Using a murine cre-lox knockout of CD91 in CD11c+ myeloid cells, Sedlackk et al. observed that the induction of tumors by methylcholantrene (MCA) occurred earlier and more robustly than in control mice. Differences in the infiltrating immune populations were observed at the site of MCA treatment at 2 weeks, but these differences were lost by week 9 or later, suggesting initial differences in immune surveillance while the antigen load was low. The ratio of predicted mutant to native peptide binding affinity to MHC-I correlated with escape from surveillance in CD91 KO mice. In silico analysis of human polymorphisms supported a role for CD91 in T cell infiltration.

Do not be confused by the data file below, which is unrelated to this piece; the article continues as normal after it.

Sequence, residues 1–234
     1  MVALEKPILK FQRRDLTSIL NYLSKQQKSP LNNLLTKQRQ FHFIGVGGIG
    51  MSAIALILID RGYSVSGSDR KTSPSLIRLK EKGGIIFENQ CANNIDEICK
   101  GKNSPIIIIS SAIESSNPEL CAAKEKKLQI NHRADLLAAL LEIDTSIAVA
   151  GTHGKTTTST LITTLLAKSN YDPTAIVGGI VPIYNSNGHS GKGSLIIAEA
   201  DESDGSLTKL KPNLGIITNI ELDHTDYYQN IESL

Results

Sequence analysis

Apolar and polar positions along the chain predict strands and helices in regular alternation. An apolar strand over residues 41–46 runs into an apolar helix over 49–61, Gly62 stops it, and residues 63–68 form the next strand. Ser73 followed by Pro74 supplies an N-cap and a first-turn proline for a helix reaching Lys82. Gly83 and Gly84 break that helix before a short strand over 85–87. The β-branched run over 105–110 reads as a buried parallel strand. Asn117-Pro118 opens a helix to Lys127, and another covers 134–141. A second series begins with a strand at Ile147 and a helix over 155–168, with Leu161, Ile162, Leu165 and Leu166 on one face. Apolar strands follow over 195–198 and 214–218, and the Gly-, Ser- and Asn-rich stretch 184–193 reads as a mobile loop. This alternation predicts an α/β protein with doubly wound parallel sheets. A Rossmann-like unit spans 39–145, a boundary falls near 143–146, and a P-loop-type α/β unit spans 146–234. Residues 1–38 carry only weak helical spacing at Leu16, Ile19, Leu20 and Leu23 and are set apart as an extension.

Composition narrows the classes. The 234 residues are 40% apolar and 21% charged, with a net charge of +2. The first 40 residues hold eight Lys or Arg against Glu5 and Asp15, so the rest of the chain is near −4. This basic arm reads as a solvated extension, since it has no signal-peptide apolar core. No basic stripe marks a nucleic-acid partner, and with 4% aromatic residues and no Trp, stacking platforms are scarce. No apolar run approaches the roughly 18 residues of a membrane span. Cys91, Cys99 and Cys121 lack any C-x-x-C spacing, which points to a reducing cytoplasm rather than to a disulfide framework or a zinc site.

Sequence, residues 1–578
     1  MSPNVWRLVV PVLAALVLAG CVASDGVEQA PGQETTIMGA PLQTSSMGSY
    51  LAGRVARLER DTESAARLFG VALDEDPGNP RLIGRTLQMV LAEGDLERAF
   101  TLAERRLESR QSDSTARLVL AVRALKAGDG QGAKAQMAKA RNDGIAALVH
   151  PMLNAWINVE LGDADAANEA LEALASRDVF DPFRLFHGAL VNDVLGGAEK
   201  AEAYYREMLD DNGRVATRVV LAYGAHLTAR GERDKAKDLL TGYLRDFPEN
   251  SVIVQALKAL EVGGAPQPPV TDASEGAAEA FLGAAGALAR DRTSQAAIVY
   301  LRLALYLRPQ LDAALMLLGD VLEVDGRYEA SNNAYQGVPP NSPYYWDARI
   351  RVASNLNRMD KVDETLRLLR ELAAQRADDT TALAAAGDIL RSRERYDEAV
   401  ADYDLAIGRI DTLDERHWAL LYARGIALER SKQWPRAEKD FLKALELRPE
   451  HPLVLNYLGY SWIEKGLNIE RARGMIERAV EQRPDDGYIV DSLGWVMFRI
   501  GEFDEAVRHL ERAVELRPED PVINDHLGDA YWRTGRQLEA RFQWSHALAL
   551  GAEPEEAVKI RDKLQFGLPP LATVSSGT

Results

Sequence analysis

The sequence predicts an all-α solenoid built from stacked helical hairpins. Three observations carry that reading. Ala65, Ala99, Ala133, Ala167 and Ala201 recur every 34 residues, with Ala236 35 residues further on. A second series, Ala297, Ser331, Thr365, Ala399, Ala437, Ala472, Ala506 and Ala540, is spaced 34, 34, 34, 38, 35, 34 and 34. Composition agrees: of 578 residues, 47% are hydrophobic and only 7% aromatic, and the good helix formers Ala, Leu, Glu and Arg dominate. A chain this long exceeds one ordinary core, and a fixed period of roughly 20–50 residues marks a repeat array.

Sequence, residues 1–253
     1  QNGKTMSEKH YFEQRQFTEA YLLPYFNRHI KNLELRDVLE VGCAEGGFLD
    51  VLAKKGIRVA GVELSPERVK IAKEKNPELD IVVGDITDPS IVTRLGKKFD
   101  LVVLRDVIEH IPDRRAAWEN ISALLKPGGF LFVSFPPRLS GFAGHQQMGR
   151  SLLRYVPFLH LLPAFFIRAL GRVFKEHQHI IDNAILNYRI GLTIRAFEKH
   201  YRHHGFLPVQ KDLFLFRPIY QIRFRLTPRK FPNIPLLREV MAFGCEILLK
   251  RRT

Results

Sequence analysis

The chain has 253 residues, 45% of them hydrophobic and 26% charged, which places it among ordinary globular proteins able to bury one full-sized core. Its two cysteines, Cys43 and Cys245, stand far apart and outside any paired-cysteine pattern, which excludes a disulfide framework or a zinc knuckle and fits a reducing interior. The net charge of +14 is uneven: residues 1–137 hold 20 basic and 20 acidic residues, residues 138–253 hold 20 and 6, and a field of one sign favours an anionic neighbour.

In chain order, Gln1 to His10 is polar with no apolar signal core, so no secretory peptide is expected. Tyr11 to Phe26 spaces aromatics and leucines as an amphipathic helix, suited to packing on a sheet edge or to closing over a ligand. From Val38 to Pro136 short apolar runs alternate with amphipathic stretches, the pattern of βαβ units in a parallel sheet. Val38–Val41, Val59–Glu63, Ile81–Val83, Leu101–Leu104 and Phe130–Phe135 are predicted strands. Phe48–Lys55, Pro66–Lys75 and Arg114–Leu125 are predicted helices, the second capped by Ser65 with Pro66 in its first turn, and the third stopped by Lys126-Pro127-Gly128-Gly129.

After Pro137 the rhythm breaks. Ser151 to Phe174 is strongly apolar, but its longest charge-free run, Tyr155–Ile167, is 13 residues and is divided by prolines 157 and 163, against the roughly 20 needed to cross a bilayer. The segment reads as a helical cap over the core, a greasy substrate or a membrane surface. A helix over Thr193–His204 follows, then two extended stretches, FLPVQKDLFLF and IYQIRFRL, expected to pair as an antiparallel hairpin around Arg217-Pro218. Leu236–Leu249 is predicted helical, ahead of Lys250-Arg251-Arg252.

The immune system detects aberrant, premalignant cells and eliminates them before the development of cancer. Immune cells, including T cells, have been shown to be critical components in eradicating these aberrant cells, and when absent in the host, incidence of cancer increases. Here, we show that CD91, a receptor expressed on antigen-presenting cells, is required for priming immune responses to nascent, emerging tumors. In the absence of CD91, effector immune responses are subdued, and tumor incidence and progression are amplified. We also show that, consequently, tumors that arise in the absence of CD91 express neo-epitopes with indices that are indicative of greater immunogenicity. Polymorphisms in human CD91 that are expected to affect ligand binding are shown to influence antitumor immune responses in cancer patients. This study presents a molecular mechanism for priming immune responses to nascent, emerging tumors that becomes a predictor of cancer susceptibility and progression.